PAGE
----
NHL Playoffs 2012: Biggest Surprises Heading Into Hockey's Postseason
Every season, the NHL produces surprises, both good and bad and 2012 was no exception.
Some teams come out of nowhere to contend and some surefire contenders hit the golf course early. Some players also do more than anybody expected while others disappoint.
Here's a look at the biggest surprises as we head into the 2012 Stanley Cup playoffs.
The Florida Panthers reached the postseason for the first time since 2000.
This past summer, new GM Dale Tallon spent a lot of money just to bring his team above the salary cap floor. He brought in experienced players like Brian Campbell, Tomas Fleischmann, Sean Bergenheim and Ed Jovanovski.
Nobody was sure if these moves would pay off in the win column, but they did and the Panthers captured the first division title in franchise history and have a date with the sixth-seeded New Jersey Devils in the first round of the playoffs.
Phoenix Captures the Pacific Title
When the season begain, the Phoenix Coyotes were anything but favorites to win the Pacific Division title.
The San Jose Sharks are considered perennial favorites to not only win their division but contend for the Stanley Cup each year and the experts are always quick to jump on the Sharks bandwagon.
The Kings were also considered a popular choice after bringing in some more talented offensive players like Mike Richards and Simon Gagne and re-signing Drew Doughty.
The Coyotes are still owned by the NHL, their budget is limited and their future remains up in the air.
But somehow, GM Don Maloney and Coach Dave Tippett put together a team that resembled the Little Engine that Could and came away with the franchise's first division title (yes, that includes its time in Winnipeg).
The Predators Become Buyers
The Nashville Predators have always been one of the better-run teams in the NHL, but the team was clearly "small market" and lost some of their best talent year after year to free agency.
Still, GM David Poile always brought in enough lower-priced talent to keep his club in contention for the coming season.
This year, Nashville is facing the possible loss of their best two defensemen—Ryan Suter and Shea Weber—neither of whom has a long-term deal in place.
Instead of being sellers at the trade deadline, the Preds became buyers.
Poile sent a message to Suter and Weber that if they want to win a Stanley Cup, they have just as good a chance of getting one in the Music City as they do anywhere else in the league.
The Preds brought in an experienced defenseman in Hal Gill who already has a Stanley Cup ring just before the trade deadline and, on deadline day, added valuable role players like Andrei Kostitsyn and Paul Gaustad, who can be difference makers in the playoffs.
The Preds finished fourth in the West and will face the Detroit Red Wings in the first round, although this time, it will be Nashville that has the home-ice advantage.
We will soon see if Poile's spending pays off on the ice and if it helps the Preds re-sign Suter and Weber to long-term deals.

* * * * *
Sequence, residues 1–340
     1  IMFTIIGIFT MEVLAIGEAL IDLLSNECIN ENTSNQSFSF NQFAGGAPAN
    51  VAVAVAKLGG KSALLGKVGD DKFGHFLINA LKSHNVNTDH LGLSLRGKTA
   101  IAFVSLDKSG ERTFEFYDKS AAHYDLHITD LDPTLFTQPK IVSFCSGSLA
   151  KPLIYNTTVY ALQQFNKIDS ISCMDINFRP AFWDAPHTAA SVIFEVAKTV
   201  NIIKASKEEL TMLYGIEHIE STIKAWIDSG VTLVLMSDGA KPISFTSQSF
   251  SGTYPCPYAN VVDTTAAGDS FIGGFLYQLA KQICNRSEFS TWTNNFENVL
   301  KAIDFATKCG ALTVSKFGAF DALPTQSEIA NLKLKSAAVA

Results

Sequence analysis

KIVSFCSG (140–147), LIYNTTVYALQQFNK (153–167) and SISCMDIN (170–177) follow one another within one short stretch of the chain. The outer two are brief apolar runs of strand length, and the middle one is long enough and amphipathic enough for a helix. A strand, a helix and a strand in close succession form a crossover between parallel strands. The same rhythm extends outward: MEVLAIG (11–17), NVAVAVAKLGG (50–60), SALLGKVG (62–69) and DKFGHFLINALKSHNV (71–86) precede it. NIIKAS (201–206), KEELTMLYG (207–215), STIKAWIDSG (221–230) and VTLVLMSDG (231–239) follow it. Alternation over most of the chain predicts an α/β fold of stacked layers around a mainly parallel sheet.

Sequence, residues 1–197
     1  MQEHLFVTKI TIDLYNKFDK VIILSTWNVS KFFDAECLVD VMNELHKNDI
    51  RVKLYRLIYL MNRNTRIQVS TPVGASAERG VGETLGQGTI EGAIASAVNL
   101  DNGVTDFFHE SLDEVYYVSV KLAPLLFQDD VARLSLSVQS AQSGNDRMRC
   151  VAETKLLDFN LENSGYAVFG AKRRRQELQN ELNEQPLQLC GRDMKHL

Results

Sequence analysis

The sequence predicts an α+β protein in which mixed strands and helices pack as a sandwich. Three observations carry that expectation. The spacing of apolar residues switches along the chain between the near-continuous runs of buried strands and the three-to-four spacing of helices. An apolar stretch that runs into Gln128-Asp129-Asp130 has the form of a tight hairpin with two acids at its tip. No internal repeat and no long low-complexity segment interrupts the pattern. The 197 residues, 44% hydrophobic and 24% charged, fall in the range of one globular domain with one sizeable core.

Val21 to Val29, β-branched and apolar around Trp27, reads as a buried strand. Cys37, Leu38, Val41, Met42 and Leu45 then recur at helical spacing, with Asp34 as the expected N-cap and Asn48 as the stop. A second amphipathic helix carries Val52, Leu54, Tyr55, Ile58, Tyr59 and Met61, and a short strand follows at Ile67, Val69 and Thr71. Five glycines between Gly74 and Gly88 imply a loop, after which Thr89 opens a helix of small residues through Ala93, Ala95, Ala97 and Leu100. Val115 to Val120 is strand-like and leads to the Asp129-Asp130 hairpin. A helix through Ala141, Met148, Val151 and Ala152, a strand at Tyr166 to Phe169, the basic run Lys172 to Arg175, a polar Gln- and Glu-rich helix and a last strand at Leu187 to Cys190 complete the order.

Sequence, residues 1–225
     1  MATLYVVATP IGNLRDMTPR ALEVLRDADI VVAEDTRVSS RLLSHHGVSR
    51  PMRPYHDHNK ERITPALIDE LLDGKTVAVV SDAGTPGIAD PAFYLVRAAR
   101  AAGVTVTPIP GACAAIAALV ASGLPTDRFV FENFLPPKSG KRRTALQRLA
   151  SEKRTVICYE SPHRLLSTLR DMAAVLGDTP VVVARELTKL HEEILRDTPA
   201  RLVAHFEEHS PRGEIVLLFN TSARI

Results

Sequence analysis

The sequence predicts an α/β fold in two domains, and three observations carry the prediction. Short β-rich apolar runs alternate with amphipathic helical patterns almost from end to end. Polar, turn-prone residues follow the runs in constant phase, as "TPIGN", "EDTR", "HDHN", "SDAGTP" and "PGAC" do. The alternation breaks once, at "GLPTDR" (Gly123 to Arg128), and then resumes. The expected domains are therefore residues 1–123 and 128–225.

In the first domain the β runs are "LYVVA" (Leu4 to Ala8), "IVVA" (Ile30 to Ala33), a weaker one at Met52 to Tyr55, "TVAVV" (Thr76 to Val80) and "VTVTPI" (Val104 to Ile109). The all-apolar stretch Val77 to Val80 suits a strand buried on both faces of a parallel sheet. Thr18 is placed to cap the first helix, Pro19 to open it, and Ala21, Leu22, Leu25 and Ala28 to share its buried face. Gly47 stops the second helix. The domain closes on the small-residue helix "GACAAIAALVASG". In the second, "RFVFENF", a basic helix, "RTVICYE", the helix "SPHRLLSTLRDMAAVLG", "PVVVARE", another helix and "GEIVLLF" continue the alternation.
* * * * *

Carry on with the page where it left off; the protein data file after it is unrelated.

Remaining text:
Ottawa Reaches the Playoffs
The Hockey News was pretty clear what it thought of the Ottawa Senators in its 2011-12 season preview issue: they picked Ottawa to finish dead last in the Eastern Conference.
Instead, the Senators received great play from defenseman Erik Karlsson and vets like Jason Spezza, Milan Michalek and Daniel Alfredsson to qualify for the playoffs.
For a good part of the season, in fact, Ottawa was a lot closer to the division-leading Bruins than they were to the eighth and final playoff spot, which is where they ended up.
Even though they open against the New York Rangers, Ottawa has a quick and talented young team and the future seems bright in Canada's capital.
The Blue Jackets Are Home
Columbus was a popular choice to reach the playoffs this summer after spending a lot of money to bring in offensive defenseman James Wisniewski and high-scoring forwards Jeff Carter and Vinny Prospal.
The season never really got off the ground for the Blue Jackets, though.
Injuries and suspensions kept Wisniewski from getting on track and Carter never really found his comfort zone in Columbus.
More importantly, goalie Steve Mason never regained his rookie season form and the Jackets quickly sank to the bottom of the NHL standings and stayed there.
Unfortunately for the Blue Jackets, finishing last didn't even win them the top pick in next year's NHL draft as the Edmonton Oilers won the draft lottery earlier this week, leaving the Blue Jackets with the No. 2 pick.
Rangers Win the East
Most experts expected the Rangers to be improved this season after they added Brad Richards—the top-rated free agent available last offseason—but almost nobody picked them to win the Eastern Conference.
Richards had a bit of a slow start, but finished the season leading the club in assists. More importantly, he was familiar with coach John Tortorella's system and helped his teammates buy into it.
The formula for the Rangers was a familiar one.
Great goaltending from Henrik Lundqvist, a strong team defense that included a lot of blocked shots and just enough goal scoring to get by. A healthy season from Marian Gaborik helped a lot, too.
Now we'll see if the Broadway Blueshirts can turn their first-place finish into their first trip to the Stanley Cup Finals since 1994.
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